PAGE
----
There is a little black book on the kitchen table. Neatly annotated in places, virtually illegible in others, it is the latest in a long line of tissue-thin pages containing the handwritten details of everything I eat.
Despite my being resolutely omnivorous, it is clear how much of my everyday eating has become plant based. Although not strictly vegetarian – the bottom line for me will always be that my dinner is delicious, not something that must adhere to a set of strict dietary rules – much of my weekday eating contains neither meat nor fish. I am not sure this was a particularly considered choice. It is simply the way my eating has grown to be over the past few years. I do know, however, that I am not alone in this.
My new book, Greenfeast, like Eat before it, is a collection of what I eat when I finish work every day: the casual yet spirited meals with which I sustain myself and whoever else is around. The recipes are, like those in previous collections, more for inspiration than rules to be adhered to, slavishly, word for word. But, unlike Eat, this collection offers no meat or fish. The idea of collecting these recipes together is for those like-minded eaters who find themselves wanting inspiration for a supper that owes more to plants than to animals.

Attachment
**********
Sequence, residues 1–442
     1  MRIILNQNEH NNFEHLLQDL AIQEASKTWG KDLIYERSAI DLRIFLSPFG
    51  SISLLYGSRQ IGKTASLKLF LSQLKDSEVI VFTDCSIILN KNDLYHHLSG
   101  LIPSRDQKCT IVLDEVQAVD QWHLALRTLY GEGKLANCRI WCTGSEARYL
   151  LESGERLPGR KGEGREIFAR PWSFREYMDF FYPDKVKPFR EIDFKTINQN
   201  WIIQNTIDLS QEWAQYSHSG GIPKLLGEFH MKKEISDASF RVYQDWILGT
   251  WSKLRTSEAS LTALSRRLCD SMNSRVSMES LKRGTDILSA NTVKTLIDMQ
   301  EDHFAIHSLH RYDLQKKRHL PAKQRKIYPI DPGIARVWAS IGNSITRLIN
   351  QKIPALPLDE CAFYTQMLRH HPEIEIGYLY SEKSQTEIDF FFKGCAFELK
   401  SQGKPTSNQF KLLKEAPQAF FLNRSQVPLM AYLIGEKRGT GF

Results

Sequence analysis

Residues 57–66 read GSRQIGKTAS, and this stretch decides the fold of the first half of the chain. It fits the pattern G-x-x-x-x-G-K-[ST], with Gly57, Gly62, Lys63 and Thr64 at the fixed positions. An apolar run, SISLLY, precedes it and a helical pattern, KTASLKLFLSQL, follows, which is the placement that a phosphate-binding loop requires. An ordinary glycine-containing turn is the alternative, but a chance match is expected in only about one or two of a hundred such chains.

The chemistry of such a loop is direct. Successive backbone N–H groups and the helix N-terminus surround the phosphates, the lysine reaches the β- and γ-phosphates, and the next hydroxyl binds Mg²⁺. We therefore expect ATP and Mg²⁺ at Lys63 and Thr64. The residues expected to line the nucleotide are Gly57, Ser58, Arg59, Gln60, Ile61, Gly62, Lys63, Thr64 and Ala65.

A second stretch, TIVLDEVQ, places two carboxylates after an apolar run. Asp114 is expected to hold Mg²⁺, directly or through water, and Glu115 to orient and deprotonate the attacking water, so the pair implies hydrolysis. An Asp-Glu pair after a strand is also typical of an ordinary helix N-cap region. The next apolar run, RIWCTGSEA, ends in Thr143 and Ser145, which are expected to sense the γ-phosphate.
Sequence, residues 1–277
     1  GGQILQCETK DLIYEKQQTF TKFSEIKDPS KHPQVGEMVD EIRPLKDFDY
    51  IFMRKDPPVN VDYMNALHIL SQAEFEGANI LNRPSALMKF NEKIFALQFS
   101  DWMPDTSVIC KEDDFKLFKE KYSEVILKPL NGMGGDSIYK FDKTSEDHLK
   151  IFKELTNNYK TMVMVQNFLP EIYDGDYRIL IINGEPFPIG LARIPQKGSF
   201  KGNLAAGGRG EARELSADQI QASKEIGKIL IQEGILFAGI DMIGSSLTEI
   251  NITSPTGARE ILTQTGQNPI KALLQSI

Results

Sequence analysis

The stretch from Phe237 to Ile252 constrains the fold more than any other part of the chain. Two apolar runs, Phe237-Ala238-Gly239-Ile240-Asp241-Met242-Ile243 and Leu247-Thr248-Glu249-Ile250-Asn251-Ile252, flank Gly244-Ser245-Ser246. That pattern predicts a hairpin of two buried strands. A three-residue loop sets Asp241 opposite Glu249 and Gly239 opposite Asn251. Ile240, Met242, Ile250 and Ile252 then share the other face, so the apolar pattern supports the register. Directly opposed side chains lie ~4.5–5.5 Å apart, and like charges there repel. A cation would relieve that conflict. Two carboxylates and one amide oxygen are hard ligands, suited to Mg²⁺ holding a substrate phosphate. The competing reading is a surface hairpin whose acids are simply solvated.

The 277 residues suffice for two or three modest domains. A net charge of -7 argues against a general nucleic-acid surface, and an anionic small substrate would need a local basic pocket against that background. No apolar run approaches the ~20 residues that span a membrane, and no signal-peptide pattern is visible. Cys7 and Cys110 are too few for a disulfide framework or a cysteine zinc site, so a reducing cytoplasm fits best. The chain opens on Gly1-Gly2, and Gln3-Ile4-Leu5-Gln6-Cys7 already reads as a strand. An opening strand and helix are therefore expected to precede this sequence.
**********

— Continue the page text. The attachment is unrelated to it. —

A note on the recipes
Though all are plant based, the six recipes from Greenfeast that are appearing on irishtimes.com this week – one each day, from Monday to Saturday – are not strictly vegetarian. They can, however, be rendered suitable for vegetarian or vegan diets with a bit of informed tweaking.
NIGEL SLATER’S FREEKEH, PEACHES, FETA
Sweet-salty cheese and fruit. The comfort of warm grain
Serves two to three
Few sprigs of thyme
2 bay leaves
1 large peach
3tbsp olive oil
1 medium onion
1 Set the oven at 200 Celsius/gas 6. Put the freekeh, thyme and bay on to boil with enough water to cover by a good third. Salt it lightly and simmer for 15 minutes.
2 Place a large piece of foil on a baking sheet, lay the piece of feta in the middle and sprinkle with the zaatar. Halve the peach, discard the stone, then cut each half into four. Tuck the peach around the feta, then pour over two tablespoons of the olive oil. Pull the sides of the foil up around its cargo and scrunch loosely to seal. Bake for 20 minutes.
3 Peel and finely slice the onion, then fry until crisp in the reserved oil. Set aside on kitchen paper.
4 Chop the mint and parsley together. Remove the feta from the oven and open the parcel. Pour the baking juices into a bowl and mix with the juice of the lemon. Drain the freekeh, discarding the herbs, then dress with the lemon and baking juices. Fold in the mint and parsley, then break up the feta into large pieces and add. Lay the peaches among the freekeh, top with the crisp onions and serve.
Greenfeast: Spring, Summer, by Nigel Slater, is published by 4th Estate Books